Talk:List of children's games

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Hi, I noticed that warball directs the reader to a page about a metal band.

It is not a children's game, but I'm not sure what warball is - it may or may not be one. Please change. Signed, An alert wiki-leecher. 22:25, 15 March 2007 (UTC)

I am looking for information about a game we played in the 40s and 50s that we called FLY or sometimes STICKS. We had about 6 or so sticks approximately 40 cms long that were placed in a line about 40 centimetres apart. We ran between the sticks from botom to top. When finished we we able to move one stick to the top to create a bigger space in the middle. The object of the game was to traverse the spaces without touching the sticks. It became harder each time a stick was removed.If you touched a stick with your feet , you were out.Thanks, Faye —Preceding unsigned comment added by (talk) 22:55, 16 September 2007 (UTC)


Hi, I was looking for the game of "skelly" we played it with bottle caps. We put melted wax into the bottle cap to give it more weight too. The object of the game was to shoot the cap with your pointer finger and thumb to each numbered box, I think it was 9 boxes, then to the middle for the win. You could knock your opponents cap out and they had to shoot from wherever the cap landed. I want to make a skelly board for my grandchildren to keep something of my past alive. Does anyone have the correct placement of the numbers, for the board. Thanks, and please add Skelly to your list of traditional children's games, it sure was a favorite of mine.....Carol---- — Preceding unsigned comment added by (talk) 19:09, 13 September 2008 (UTC)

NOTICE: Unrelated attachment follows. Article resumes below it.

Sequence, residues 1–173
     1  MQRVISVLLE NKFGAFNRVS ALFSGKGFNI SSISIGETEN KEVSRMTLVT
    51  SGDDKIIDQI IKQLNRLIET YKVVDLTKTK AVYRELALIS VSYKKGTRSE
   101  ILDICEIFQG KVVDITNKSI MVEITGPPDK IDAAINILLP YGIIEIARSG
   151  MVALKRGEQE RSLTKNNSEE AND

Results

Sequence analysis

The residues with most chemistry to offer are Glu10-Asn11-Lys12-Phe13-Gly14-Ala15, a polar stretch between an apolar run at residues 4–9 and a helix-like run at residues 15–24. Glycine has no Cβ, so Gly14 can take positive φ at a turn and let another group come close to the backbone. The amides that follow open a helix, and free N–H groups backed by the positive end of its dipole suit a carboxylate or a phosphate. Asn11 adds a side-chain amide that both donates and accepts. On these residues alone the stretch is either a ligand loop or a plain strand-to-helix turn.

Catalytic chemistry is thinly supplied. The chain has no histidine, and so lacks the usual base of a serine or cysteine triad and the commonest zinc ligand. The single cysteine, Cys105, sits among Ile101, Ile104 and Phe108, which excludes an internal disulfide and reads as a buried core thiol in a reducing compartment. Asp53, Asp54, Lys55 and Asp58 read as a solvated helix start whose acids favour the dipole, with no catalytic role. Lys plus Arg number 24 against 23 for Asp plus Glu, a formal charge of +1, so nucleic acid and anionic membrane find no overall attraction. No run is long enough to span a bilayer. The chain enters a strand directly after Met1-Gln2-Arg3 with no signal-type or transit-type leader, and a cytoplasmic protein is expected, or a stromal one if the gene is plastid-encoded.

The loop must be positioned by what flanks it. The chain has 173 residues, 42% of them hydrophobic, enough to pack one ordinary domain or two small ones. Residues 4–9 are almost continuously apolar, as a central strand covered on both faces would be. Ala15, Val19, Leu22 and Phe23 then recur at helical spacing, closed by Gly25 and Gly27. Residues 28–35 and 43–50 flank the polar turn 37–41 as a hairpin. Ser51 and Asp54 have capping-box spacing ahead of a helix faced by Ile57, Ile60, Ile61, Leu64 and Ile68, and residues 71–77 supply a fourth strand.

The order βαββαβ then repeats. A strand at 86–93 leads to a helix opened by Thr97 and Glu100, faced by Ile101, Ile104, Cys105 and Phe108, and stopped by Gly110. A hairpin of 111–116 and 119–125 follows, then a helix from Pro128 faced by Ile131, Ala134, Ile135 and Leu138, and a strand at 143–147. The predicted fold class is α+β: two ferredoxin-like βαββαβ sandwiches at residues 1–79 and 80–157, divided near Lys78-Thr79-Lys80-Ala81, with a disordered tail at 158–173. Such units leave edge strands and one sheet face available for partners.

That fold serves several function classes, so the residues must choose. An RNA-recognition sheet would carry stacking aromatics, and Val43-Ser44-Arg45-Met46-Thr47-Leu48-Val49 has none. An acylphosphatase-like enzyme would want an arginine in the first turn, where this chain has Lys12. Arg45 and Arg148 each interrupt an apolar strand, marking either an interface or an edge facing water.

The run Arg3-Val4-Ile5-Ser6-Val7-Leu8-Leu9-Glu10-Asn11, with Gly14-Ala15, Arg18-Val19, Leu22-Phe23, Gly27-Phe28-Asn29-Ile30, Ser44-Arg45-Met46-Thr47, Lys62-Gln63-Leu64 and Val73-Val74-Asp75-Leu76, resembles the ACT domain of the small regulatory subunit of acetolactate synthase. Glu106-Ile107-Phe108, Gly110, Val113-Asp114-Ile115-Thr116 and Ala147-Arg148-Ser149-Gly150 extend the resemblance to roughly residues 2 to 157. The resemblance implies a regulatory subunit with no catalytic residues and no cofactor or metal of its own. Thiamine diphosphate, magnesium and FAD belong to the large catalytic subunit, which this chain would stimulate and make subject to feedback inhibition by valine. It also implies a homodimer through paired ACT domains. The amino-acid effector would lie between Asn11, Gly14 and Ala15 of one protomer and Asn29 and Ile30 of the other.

King's Base[edit]

(As a kid in Massachusetts, I loved playing this game with my cousins. I don't remember how we learned it, but I think it was originally British.)

King's Base is an outdoor tag-style game played by about a dozen children, typically boys. At the start of the game each boy chooses a recognizable home base, such as a tree or fence post. If a boy leaves base, he can be tagged and captured by any other boy who later leaves base (is "fresher"). Once a capture is made, both boys get a free walk back to the base of the captor. The captive them becomes the teammate of the captor. The game is over when all boys are on the same team, and the winner is the boy who has been on the team the longest.

While the game is mostly about running, a good bit of cunning is involved as well. Players need situational awareness of who is "fresher", and baiting opponents is an essential part of the game.

Variation: teammates on base can hold hands in a chain and extend the base by the principle of "electricity". This gives an advantage to larger teams and shortens the game. —Preceding unsigned comment added by (talk) 01:30, 15 September 2010 (UTC)